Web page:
This is my fourth installment of Fab Friday Finds. This week I share Gordon Burgett’s tips on how he build his author empire.
I recently attended a Bay Area Independent Publishers Association meeting, and the featured speaker was Gordon Burgett.
Gordon has enjoyed tremendous success in the publishing world, and I was eager to hear him talk about how authors can expand their books to build an author empire. (If you think this post is only useful for nonfiction writers, keep reading to the end.)
Gordon clearly knows what he’s talking about. To paraphrase his Amazon Author Central profile, he’s written “1700+ published articles and 46 books, plus 18 for and with others.” In addition, Gordon has “given 2000+ paid speeches, and probably almost as many free talks along the way.”
He’s a busy man. Here were his main points:
What’s an empire?
He began by defining the term empire. According to Gordon, an empire is based on your expertise that you establish first through your writing and then your speaking opportunities. Your books have the potential to establish you as an expert in your field.
Define your expertise.
In other words, define a problem and then solve it. You’ll also need to determine the beneficiaries, in other words, the demographic for which you are writing.
Give your core book a purpose.
It’s important to think of keywords when determining a title and subtitle and to secure the corresponding domain name as soon as possible. Consider blogging your book first by writing a series of blog posts and then pulling that information together in the form of a book.
Create derivative books.
Once you write your book, create a list of a dozen or more books related to the topic of your main book.
Market your book through various means.
Once your book is published, pursue opportunities to speak, consult, create booklets, produce videos, and, of course, use social media to continue to market your book. Gordon said he was amazed by the number of times a booklet, which he’d sell for $2, resulted in book sales. The booklets served as a marketing tool and as a stimulus for future sales.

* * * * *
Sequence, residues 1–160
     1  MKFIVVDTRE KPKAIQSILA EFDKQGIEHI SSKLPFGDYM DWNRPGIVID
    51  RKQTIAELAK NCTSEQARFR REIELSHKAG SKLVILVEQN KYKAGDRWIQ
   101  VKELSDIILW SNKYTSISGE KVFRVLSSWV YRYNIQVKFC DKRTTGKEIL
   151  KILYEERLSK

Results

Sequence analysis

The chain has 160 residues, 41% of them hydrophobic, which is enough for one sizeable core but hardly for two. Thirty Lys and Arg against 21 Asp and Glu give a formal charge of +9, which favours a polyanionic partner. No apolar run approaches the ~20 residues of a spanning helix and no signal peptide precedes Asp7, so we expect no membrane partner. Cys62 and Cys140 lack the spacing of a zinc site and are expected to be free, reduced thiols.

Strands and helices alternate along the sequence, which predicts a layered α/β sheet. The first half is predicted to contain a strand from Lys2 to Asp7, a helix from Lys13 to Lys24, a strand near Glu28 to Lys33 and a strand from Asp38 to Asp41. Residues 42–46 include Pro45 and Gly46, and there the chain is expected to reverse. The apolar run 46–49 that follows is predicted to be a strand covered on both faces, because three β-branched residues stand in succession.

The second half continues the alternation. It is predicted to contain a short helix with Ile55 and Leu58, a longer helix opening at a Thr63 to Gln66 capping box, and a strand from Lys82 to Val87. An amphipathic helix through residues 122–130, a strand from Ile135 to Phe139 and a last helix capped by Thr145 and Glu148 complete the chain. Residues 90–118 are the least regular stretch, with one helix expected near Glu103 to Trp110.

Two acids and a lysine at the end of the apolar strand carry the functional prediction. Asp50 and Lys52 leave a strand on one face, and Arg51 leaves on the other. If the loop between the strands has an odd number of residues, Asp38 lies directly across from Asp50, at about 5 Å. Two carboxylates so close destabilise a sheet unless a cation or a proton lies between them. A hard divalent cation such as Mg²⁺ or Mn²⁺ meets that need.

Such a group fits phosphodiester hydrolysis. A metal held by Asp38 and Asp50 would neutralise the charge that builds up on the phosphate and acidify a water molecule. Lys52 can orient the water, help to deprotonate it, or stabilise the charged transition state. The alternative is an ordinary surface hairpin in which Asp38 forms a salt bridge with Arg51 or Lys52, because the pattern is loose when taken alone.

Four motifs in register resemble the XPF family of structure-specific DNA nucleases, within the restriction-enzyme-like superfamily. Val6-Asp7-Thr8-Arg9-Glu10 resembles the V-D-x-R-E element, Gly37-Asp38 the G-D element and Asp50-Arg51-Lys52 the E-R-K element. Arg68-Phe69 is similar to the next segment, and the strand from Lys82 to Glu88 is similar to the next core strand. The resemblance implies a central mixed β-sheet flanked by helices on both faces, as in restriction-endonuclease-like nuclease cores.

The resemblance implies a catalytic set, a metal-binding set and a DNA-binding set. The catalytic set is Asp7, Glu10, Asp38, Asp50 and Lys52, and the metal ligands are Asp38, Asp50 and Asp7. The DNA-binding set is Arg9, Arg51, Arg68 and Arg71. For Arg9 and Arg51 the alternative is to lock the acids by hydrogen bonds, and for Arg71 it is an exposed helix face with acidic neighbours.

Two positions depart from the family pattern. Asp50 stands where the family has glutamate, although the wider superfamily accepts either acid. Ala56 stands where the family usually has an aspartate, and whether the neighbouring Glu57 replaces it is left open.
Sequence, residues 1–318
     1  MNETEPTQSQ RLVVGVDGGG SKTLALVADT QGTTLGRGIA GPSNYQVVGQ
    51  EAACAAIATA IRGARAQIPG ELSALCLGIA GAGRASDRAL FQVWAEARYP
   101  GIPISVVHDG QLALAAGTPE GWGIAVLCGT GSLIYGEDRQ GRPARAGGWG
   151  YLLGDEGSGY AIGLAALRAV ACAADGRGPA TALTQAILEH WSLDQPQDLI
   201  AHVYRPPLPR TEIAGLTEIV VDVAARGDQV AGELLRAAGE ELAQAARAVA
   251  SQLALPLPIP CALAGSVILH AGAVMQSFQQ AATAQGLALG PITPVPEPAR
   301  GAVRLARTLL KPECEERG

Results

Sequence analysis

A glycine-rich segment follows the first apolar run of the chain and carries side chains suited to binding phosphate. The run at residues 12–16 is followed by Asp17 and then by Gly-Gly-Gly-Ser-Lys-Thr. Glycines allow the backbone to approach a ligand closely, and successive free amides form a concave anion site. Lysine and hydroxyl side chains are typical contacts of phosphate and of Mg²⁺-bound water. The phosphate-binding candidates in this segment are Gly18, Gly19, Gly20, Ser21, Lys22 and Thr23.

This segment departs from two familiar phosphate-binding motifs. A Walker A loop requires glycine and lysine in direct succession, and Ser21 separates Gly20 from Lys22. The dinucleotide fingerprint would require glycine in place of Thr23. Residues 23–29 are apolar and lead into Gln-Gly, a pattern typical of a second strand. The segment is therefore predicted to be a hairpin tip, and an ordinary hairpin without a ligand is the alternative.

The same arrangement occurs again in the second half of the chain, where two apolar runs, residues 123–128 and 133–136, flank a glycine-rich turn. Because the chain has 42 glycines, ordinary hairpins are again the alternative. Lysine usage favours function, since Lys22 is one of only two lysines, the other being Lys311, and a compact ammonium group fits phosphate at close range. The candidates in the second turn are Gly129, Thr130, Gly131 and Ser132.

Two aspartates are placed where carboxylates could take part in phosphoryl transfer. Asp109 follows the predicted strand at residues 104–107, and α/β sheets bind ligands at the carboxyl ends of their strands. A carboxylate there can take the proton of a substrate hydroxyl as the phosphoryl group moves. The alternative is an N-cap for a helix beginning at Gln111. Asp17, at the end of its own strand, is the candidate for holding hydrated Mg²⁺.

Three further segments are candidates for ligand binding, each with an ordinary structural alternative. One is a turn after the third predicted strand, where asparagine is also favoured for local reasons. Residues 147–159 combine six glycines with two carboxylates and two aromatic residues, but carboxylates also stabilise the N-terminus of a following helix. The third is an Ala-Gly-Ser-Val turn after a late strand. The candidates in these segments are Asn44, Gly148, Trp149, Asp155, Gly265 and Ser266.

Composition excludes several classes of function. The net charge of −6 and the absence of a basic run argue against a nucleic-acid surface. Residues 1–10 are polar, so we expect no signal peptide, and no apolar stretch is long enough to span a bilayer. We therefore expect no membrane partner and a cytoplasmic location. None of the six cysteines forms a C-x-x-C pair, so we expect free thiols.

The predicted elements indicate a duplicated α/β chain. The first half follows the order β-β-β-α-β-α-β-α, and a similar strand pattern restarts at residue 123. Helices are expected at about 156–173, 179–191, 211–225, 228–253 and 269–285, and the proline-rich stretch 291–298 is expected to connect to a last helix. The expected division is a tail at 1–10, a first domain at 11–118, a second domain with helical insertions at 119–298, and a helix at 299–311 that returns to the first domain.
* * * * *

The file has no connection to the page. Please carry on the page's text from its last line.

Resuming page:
Clearly, Gordon’s talk was best suited for nonfiction writers. He has enjoyed tremendous success prior to the advent of social media, so social media was a bit of a footnote in his talk.
Learn more from Gordon by visiting his blog.
11 Ways to Apply Gordon’s Tips to Fiction Authors
Fiction writers can also build empires. Here are my suggestions:
- Use social media to reach your demographic.
- Host contests.
- Pick up swag items at writer’s conferences you attend as well as swag items you purchase. Make sure that the T-shirts, cups, pens or bags your purchase are consistent with your branding.
- Look for speaking opportunities. You can look for these with book groups, bookstores and even business groups.
- Talk to high school creative writing classes.
- Speak to parents’ groups about the importance of literacy and encouraging kids to read and write.
- Look for opportunities to share your successes at writer’s conferences.
- Join a blogging team with your colleagues who write in your genre.
- Consider writing sequels and then selling the books in boxed sets.
- Sell T-shirts and mugs on your website that promote your brand. The printed messages can be the name of a best-selling book you wrote or a fun message about your genre.
- Look for stores other than bookstores where you can sell your books. Perhaps a lingerie store will sell one of your bestselling romance books. You never know until you ask.
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Whether you write fiction or nonfiction, continue to look for ways to grow your empire, inspire your readers, and further your brand on and off the Internet.
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About the Author: Frances Caballo is an author and social media strategist and manager for writers. You can receive a free copy of her book Twitter Just for Writers by signing up for her newsletter. Connect with Frances on Facebook, Twitter, LinkedIn, Pinterest, and Google+. Be sure to check out my Social Media for Authors Podcast.